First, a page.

Shining (NOR) at The Underworld, Camden

Support: The Physics House Band| This Be The Verse
September 6, 2017 at The Underworld, Camden
Promoter: Nightshift Promotions

Norwegian jazz-metal eccentrics Shining are winding down the touring for their International Blackjazz Society album, and roll into Camden’s legendary Underworld.

Finding bands that match up to Shining’s insanity is no easy task, but This Be The Verse make a good fist of it: juxtaposing occasional crooned vocals over accelerating math-rock rhythms. Said rhythm section – notably their drummer – is particularly impressive, their intensity giving the music a particular heaviness that demands you take notice. Overall, the vocals are something of an acquired taste; but even if it doesn’t fully stand out, my curiosity is very piqued, and listening back at home, I’m definitely impressed.

For those not aware, The Physics House Band sound like the result of a sadistic experiment that saw 90% of an ArcTanGent line-up put into a blender. It’s the sort of show that you experience; a labyrinthine journey, and one where you could have experienced five minutes or two hours and be unable to tell the difference – so much so that the band seem surprised to learn that they’ve run out of time. The band wander through so much musical territory – angular math rock, jazz, dancy synths, post-rock walls of noise – so fluidly and flawlessly, that it wouldn’t come as a surprise to learn they were a single hivemind-controlled organism with a wandering attention span, but excellent taste in music.

It’s a brave band that opens a show with two songs from an unreleased album – ‘Everything Dies’ had been released for five days at the time of the gig – but Shining have forged a career in metal off those risks, and those live renditions suggest another quality album is coming. Neither song would sound out of place next to cuts from One One One – both tracks are short punchy rock numbers, though interestingly devoid of saxophone. ‘Last Day’, the first song to really get the crowd moving, is followed by another pair of new tracks. The first of these, ‘Hole in the Sky’, is a lengthy and darkly atmospheric synthpop number (think Ulver’s The Assassination of Julius Caesar) that invokes uncomfortable feelings of claustrophobia, and is an impressive track even by the lofty standards the band has set previously.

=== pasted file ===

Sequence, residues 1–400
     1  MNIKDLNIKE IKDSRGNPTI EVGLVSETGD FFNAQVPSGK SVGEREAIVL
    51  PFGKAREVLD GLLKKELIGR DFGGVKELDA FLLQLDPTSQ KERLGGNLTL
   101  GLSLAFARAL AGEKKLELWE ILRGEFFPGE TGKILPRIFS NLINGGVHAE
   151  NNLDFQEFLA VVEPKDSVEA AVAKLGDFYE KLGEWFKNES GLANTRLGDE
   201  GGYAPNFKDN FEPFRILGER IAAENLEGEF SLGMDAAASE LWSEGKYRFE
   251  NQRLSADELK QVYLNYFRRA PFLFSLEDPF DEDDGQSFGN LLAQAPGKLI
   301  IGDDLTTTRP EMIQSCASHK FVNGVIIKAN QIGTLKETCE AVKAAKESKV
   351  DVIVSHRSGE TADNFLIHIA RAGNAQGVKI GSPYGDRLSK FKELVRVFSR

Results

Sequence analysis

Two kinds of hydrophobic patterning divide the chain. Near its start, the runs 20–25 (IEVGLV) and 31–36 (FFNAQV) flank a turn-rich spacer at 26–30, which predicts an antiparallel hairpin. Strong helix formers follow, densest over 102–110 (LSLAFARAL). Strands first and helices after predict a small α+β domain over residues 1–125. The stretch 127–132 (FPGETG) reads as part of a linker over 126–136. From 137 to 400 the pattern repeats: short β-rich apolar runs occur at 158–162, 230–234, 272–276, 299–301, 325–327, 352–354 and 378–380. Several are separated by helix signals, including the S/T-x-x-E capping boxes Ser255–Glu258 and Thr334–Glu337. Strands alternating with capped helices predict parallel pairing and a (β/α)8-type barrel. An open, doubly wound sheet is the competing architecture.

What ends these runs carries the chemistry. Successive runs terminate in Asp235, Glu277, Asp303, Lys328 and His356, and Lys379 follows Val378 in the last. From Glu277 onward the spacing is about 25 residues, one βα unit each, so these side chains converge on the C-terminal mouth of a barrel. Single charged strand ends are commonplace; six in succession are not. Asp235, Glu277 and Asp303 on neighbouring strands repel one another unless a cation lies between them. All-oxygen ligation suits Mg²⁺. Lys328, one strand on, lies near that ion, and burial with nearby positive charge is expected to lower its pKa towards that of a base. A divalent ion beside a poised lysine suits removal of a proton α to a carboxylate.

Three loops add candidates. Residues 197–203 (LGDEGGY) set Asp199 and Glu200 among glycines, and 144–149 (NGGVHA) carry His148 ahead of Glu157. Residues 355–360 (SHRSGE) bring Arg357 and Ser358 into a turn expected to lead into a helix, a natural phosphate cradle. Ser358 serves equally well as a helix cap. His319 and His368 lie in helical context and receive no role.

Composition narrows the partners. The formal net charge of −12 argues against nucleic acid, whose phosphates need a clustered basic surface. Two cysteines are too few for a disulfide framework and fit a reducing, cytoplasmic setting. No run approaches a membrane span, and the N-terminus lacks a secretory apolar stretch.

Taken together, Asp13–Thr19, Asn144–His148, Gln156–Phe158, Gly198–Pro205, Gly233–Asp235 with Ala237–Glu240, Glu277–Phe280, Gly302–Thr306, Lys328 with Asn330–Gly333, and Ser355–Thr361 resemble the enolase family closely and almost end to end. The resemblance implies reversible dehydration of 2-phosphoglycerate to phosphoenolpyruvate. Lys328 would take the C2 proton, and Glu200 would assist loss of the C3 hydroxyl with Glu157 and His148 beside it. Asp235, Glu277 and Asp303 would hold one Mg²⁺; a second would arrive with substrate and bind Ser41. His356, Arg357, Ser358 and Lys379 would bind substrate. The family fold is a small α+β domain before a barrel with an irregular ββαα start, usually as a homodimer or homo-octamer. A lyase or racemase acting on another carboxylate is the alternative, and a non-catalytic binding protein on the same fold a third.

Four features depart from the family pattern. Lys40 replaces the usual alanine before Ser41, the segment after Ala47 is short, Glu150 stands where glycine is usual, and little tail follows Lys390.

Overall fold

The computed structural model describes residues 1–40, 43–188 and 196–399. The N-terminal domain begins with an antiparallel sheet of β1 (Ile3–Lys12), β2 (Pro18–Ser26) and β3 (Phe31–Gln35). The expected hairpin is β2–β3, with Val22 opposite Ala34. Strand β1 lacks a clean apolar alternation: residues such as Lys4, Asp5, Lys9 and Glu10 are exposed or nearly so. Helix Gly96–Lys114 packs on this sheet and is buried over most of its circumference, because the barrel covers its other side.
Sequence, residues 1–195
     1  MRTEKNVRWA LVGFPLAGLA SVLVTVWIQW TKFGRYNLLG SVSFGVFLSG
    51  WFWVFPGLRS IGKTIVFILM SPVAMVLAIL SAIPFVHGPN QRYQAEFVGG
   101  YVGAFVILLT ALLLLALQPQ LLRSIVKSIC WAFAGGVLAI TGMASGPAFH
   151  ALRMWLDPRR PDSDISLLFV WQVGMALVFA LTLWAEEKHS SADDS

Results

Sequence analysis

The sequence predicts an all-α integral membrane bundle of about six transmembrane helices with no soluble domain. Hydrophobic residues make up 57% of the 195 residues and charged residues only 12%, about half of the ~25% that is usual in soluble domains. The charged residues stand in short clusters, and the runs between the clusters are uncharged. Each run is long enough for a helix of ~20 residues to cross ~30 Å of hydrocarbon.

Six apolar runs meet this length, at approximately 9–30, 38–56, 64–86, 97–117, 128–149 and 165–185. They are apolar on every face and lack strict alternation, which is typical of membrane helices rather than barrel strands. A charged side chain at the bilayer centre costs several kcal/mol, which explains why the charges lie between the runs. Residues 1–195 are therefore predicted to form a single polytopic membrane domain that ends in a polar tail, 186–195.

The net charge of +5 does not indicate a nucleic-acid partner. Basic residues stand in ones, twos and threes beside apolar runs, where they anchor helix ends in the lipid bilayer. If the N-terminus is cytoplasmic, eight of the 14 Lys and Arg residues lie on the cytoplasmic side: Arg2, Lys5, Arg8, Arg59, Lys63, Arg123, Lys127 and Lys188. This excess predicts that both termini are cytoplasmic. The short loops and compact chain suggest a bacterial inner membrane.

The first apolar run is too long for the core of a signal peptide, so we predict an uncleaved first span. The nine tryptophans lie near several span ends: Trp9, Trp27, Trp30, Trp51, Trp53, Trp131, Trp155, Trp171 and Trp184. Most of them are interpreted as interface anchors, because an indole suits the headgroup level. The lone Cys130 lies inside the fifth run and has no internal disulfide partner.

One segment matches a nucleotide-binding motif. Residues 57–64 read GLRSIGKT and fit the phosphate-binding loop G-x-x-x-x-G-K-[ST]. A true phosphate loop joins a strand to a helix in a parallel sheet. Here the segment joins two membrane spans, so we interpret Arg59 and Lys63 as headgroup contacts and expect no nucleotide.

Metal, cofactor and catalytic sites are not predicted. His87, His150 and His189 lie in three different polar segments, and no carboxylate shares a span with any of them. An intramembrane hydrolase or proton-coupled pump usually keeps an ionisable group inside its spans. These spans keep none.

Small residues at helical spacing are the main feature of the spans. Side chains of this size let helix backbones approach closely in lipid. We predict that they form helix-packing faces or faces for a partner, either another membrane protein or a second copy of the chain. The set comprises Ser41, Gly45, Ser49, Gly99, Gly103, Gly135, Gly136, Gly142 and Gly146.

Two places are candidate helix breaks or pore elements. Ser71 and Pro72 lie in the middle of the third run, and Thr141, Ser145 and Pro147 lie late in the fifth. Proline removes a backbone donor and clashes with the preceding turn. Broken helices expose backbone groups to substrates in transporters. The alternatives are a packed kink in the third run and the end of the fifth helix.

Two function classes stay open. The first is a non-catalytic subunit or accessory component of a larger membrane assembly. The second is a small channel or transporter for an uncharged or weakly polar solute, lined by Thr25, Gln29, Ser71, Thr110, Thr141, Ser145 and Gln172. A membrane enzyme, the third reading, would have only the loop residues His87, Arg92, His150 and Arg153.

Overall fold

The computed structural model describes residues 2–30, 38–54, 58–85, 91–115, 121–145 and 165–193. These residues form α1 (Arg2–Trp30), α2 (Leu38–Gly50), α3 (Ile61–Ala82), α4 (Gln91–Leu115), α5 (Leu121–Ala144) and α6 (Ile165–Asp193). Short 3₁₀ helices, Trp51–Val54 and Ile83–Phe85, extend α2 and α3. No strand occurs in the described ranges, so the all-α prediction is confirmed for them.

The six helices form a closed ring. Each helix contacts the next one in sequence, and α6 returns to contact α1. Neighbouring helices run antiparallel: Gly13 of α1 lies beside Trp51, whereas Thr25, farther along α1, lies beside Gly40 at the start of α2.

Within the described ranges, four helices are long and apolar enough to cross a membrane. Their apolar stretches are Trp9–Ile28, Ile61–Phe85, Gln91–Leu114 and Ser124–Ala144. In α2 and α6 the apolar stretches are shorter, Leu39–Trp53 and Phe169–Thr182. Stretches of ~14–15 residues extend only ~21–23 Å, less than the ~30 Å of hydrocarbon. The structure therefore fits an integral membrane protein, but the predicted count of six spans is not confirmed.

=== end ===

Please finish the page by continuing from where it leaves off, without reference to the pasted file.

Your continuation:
It’s the second half of the set, focussed on older material from Blackjazz and One One One, where the show properly kicks into top gear. ‘I Won’t Forget’ sounds every bit the raucous rock anthem, ‘My Dying Drive’ is a frantic classic, and the closing pair of ‘Fisheye’ and ‘The Madness and the Damage Done’ are venue-shaking heavy entities live. Jørgen Munkeby is a captivating presence on stage throughout, juggling guitar and sax duties effortlessly and remaining constantly in the faces of those in the front row. Even though it starts slowly, at its peak, it’s one of the most bonkers parties you’ve ever been to, and you leave already excited for the next time they tour.

 

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